Gigabyte MB51-PS0 with 16-core Xeon D-2100 Processor Reveals itself

Discussion in 'Frontpage news' started by Hilbert Hagedoorn, Feb 12, 2018.

  1. Hilbert Hagedoorn

    Hilbert Hagedoorn Don Vito Corleone Staff Member

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  2. Evildead666

    Evildead666 Master Guru

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    I would wonder who would buy this type of board, with the CPU soldered to it ?
    I mean, you're buying something that if is craps out, you have to change Mobo and CPU, and maybe RAM as well down the road...

    For the 8 Core atom chips, it wasn't a problem. That was ITX Sized, and more for SMB's.

    This is surely going to cost a packet, and I would expect it to be only a little cheaper (maybe) than a socketed version.
     
  3. rl66

    rl66 Ancient Guru

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    It's for 1U file server mainly... low cost server as secondary use.
    Those CPU doesn't need hight frequency, but more thread... (also it's the "D" version of the CPU.)

    *edit* And there is itx version comming too
     
  4. schmidtbag

    schmidtbag Ancient Guru

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    As far as I can tell, this is mostly meant to compete against ARM servers. Generally speaking, a lot of why you pay extra for server parts is the reliability, so aside from the fact that CPUs nowadays take years to fail even after heavily overclocking them, I'm sure these low-clocked CPUs will last a lifetime.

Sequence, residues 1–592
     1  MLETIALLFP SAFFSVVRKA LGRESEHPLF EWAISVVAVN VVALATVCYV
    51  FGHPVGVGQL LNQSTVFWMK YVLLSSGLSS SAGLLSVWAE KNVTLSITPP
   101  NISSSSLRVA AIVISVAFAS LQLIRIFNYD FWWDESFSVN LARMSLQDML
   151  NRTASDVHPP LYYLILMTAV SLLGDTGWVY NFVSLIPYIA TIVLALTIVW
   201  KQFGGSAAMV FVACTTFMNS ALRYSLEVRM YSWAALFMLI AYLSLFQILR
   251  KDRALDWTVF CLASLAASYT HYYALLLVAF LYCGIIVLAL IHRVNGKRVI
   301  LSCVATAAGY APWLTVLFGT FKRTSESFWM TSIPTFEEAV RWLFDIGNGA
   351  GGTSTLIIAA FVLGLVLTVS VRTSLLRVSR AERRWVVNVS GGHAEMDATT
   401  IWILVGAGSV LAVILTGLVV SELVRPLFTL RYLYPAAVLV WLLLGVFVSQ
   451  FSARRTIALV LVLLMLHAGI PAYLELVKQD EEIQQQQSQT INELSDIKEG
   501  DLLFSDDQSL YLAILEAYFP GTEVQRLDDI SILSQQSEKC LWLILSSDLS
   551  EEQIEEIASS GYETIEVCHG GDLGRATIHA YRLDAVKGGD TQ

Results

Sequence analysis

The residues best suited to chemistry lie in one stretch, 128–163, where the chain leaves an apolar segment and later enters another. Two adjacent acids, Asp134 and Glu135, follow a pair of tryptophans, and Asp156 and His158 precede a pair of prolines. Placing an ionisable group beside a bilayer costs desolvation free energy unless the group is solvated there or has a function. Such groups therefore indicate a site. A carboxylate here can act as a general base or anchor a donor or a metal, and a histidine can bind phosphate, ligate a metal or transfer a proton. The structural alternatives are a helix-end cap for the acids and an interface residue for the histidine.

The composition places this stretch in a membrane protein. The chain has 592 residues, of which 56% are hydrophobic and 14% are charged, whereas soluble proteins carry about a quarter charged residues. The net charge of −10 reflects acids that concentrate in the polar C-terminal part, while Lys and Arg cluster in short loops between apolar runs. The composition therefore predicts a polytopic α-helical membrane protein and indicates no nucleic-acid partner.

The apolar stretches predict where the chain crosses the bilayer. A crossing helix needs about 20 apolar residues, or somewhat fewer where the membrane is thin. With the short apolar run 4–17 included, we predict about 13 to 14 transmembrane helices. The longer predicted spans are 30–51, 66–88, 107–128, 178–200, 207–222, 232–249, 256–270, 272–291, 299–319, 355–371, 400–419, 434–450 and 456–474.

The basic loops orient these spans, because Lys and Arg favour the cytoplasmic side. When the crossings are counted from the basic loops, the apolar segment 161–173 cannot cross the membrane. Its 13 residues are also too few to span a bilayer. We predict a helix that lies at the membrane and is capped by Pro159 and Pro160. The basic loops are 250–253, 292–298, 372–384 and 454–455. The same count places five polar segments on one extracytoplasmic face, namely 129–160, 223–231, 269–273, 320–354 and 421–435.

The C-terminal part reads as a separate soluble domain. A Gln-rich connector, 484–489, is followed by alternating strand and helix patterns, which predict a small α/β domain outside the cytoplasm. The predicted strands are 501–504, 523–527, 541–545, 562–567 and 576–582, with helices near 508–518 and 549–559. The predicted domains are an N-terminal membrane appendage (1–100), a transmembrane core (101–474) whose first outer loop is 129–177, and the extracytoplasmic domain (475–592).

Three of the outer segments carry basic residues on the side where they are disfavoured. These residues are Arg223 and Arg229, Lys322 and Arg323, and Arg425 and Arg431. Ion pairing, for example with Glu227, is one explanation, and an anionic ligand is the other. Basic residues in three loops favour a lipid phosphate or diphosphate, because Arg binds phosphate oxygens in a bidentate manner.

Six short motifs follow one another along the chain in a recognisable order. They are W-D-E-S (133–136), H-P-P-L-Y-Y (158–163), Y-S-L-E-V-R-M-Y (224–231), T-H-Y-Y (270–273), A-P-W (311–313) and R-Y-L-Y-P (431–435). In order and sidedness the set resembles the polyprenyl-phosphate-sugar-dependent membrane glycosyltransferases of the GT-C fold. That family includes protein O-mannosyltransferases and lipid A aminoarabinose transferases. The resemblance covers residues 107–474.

Most people, even here, don't understand most server hardware, which is perfectly ok. A lot of it sounds stupid, overpriced, or impractical to the average person. Because of that, I always felt articles like this on a website focused on consumer-level hardware were doing the manufacturer more harm than good.
     
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  5. vbetts

    vbetts Don Vincenzo Staff Member

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    Data centers.
     
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  6. Evildead666

    Evildead666 Master Guru

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    The only problem I have with this board is the Soldered CPU.
    If that craps out, New Mobo and CPU is required, which is major hassle.

    What advantage does this have over the exact same specs, but with a socketed CPU ?
     
  7. schmidtbag

    schmidtbag Ancient Guru

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    Out of curiosity, when was the last time you encountered a non-overclocked CPU that failed? Remember, the target demographic is mainframes. Not only are these low-power cores, but they're built for reliability, they're pretty much never going to move once they're installed, and they [should] be in an environment with controlled humidity and temperature. Products like these are bought in bulk of hundreds or thousands. Downtime is very expensive to companies, so if a system fails (particularly, an old one that's reaching the end of its life anyway), it's usually just cheaper to replace the whole thing than it is to spend the time debugging what went wrong and replacing the part. If the computer or part is under warranty, they just swap out the whole thing and ship it back to the manufacturer to get it replaced. Enterprise hardware tends to have pretty good warranties.